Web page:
Google co-founder,  Sergey Brin, was recently quoted extensively in an article in The Guardian   about keeping the Internet open.  He said he is “scared” because current conditions and the trends he sees in the future are endangering the freedom and openness of the ‘Net.  He says that he and Larry Page would not have been able to create Google in today’s environment, due to efforts by governments, the entertainment industry, and “walled gardens, “like Facebook and Apple, to control content .   The warning that he could not have developed Google in today’s environment   is perhaps a bit of hubris from Google’s view of the rest of us.  He is making an argument, trying to convince the reader/listener of a point—that governments and others are controlling content.    To make his point, he’s assuming that we hold Google in such high regard, that we are swayed to his side of the argument by the fear that  a Google-like entity will no longer be possible …

He over-estimates the affinity for Google…..Too bad, Sergey, you wouldn’t be able to make a billion bucks…so sad!    He also seems to under-estimate how the 800 million Facebook users feel about Facebook.  They feel that Facebook is theirs, and they probably take Google for granted.


There are many issues involved with keeping the Internet free and open—-here’s

Secretary of State Hillary Clinton’s summary:

“We want to keep the internet open for the protester using social media to organise a march in Egypt,” Clinton said in a major policy speech last year. “[For] the college student emailing her family photos of her semester abroad; the lawyer in Vietnam blogging to expose corruption; the teenager in the US who is bullied and finds words of support online; for the small business owner in Kenya using mobile banking to manage her profits; the philosopher in China reading academic journals for her dissertation … internet freedom is about defending the space in which all these things occur.”

These are serious freedom-of-information and freedom-of-speech issues, as opposed to dire predictions and absolute judgements against entities trying to control content on the Internet by the organization whose goal it is to “crawl ” and control all the information on the Internet.  But in recent years Google has not seemed satisfied with acessing and aggregating all the content, they have seemed to be going through an identity crisis.  With Google Apps f0r word processing and spreadsheets, they seemed to want to be Microsoft.With Google Plus, they now seem to want to be Facebook.   They crushed the search engine market, missed the social media market, and are trying play in the app market. ‘Stick to your knitting ‘ is an old strategic planning concept that may apply here.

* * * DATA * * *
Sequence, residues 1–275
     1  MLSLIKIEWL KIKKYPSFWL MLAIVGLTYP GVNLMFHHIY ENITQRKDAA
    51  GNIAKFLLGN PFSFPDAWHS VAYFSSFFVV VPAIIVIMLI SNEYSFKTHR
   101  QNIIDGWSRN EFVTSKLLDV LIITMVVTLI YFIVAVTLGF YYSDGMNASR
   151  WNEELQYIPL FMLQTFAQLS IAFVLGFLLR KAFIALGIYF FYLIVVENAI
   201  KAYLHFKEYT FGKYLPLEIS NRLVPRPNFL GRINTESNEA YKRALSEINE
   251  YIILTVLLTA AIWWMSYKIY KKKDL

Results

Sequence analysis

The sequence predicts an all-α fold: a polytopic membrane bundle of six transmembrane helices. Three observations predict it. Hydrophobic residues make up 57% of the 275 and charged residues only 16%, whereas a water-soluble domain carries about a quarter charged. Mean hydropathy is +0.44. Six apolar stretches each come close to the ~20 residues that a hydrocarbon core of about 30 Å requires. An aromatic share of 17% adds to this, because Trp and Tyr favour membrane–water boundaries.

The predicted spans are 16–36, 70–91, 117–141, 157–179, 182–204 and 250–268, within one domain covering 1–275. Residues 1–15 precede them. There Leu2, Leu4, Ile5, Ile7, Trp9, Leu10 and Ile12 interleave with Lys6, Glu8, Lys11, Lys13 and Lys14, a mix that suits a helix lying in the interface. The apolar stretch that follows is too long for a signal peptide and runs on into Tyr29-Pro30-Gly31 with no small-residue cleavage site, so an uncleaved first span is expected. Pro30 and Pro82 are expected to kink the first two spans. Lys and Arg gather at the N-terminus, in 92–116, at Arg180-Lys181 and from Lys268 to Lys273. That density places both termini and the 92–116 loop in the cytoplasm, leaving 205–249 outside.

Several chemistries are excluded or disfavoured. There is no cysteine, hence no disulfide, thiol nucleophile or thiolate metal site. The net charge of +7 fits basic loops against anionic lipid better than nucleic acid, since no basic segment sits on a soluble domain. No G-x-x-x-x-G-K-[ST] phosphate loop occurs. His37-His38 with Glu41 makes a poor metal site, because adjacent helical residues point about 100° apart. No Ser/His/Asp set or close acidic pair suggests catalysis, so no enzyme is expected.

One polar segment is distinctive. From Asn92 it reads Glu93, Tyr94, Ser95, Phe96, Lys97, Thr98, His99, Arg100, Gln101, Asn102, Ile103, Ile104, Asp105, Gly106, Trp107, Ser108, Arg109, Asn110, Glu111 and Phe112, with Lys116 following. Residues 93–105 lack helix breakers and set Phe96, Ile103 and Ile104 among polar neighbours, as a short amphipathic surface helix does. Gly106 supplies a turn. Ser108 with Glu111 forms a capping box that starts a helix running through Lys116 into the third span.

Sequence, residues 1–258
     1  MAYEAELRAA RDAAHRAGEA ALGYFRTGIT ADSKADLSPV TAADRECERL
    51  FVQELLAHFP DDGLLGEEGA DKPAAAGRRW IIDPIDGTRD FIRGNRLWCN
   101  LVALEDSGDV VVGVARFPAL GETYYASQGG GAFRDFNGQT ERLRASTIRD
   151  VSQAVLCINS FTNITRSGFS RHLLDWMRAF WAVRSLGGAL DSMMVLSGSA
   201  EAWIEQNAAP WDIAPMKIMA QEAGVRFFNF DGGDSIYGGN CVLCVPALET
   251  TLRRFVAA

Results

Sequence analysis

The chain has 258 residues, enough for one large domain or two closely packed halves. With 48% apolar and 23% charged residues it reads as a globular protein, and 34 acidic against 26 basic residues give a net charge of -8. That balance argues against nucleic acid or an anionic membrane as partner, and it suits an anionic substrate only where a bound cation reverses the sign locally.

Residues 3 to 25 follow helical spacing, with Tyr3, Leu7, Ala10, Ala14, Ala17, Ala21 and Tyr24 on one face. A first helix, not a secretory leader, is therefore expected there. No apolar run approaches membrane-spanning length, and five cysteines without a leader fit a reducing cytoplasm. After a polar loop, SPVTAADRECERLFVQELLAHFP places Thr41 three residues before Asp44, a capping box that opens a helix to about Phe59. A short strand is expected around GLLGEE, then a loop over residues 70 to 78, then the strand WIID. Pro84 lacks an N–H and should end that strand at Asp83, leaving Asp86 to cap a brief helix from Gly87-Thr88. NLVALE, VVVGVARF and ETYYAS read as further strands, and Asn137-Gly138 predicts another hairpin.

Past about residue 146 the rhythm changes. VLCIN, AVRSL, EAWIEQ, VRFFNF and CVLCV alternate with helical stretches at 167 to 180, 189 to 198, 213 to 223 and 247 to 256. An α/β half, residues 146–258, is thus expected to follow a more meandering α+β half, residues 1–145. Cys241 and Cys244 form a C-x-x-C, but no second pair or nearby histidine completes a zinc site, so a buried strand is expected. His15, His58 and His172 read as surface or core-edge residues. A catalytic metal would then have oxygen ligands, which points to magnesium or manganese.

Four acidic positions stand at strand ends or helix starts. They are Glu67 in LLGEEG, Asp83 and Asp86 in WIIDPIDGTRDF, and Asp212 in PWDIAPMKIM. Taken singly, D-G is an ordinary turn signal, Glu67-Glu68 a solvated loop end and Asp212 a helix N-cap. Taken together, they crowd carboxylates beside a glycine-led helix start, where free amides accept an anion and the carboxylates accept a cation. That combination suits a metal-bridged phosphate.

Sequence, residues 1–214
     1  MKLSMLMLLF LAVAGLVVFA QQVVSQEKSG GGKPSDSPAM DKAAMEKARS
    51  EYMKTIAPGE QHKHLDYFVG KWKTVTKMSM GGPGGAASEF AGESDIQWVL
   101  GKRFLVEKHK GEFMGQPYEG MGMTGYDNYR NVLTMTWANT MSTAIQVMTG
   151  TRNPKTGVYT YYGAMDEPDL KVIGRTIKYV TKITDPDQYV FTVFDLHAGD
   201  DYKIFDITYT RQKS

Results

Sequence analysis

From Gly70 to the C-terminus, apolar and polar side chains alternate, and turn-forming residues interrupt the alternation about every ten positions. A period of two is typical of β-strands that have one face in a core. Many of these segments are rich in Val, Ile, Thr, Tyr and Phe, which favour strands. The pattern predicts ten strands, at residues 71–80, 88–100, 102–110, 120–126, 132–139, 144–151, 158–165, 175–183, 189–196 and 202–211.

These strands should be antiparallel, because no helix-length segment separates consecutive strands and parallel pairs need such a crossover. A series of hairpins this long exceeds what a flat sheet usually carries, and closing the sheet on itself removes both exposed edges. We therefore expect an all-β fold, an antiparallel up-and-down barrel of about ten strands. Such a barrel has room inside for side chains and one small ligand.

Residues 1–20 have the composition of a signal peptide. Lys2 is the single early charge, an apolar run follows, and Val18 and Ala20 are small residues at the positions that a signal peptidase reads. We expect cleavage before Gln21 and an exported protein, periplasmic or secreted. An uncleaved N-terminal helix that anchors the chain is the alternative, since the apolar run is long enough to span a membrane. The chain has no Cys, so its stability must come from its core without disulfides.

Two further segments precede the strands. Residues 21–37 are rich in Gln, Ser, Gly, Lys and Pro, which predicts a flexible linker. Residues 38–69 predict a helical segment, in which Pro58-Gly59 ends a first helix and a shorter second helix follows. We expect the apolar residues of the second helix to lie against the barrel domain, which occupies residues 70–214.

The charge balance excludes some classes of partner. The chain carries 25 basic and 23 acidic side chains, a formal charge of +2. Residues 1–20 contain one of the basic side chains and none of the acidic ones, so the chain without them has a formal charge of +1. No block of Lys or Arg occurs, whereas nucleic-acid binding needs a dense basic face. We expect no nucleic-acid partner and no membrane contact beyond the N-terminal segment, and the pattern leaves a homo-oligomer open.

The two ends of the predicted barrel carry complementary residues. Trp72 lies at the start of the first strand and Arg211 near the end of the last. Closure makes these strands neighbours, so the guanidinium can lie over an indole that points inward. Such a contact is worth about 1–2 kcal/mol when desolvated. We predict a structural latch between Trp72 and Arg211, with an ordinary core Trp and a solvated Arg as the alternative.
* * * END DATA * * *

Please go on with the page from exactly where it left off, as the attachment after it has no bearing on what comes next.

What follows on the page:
Keeping the Internet open is important, but we have to remember that we in the US have many decades of experience managing and protecting free speech ( tricky issues, like do the Nazis get to be in the parade in Chicago). The rest of the world needs our help in managing a completely free Internet.  There’s lots of work to be done there….No time for throwing stones at  and raising fears about “walled gardens.”

Google is a great search tool. We all use it, and depend on it more than we perhaps realize.  Let’s hope they thrive and continuously improve, and that the Internet remains free of control by governments….and giant media/entertainment conglomerates.

Bill Patch






“Mongo is but a pawn in Game of Life;” , or Why ‘Blazing Systems?’

Shortly after we launched Blazing Systems, one of my friends–a colleague in the IT industry –asked me how we came to choose the name of our new company.   He chuckled when he asked me, which is part of the answer to his question.
In this age of taking yourself too seriously, as in “Web Technology Solutions’,  we wanted to show our sense of humor, our human side, and show that we don’t take ourselves too seriously.  We wanted to present a friendly image for customers. Many customers we encounter have been taken advantage of by technology companies who act like they are smart and the customer is not, like technology is some sort of mysterious stuff that only they can understand.  (This is a posture which positions the company to over-charge and under-deliver.)
Technology, as practiced by those companies, can be impersonal and even threatening; so we wanted to project the opposite.

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Technology doesn’t have to be painful, like the dentist–It can be fun and human -scale, like the movie.  The name Blazing Systems starts things out on a friendly note. “What about people who don’t get it?”  my friend asked.  “What if they don’t appreciate the humor, and they decide not to do business with you?  What if they do get it, but have no sense of humor, and don’t think it’s funny, or if they think it’s stupid?  My answer  was , “Fine.We probably wouldn’t want to work with them , anyway.

 Bill Patch


OPEN is Best for Clients

Blazing Systems is an Open Source development  company. We use tools such as PHP, Python,SQL, and Javascript, to build applications  and websites for our customers.


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Closed& Proprietary benefits only the software provider


In the early stages of the industry, and continuing still today, some software providers were closed, and proprietary. This was –and is–primarily a method to exert and maintain account control, by making customers dependent upon the software company . If you have an Open Source website, you can make changes to it yourself with a web editor program.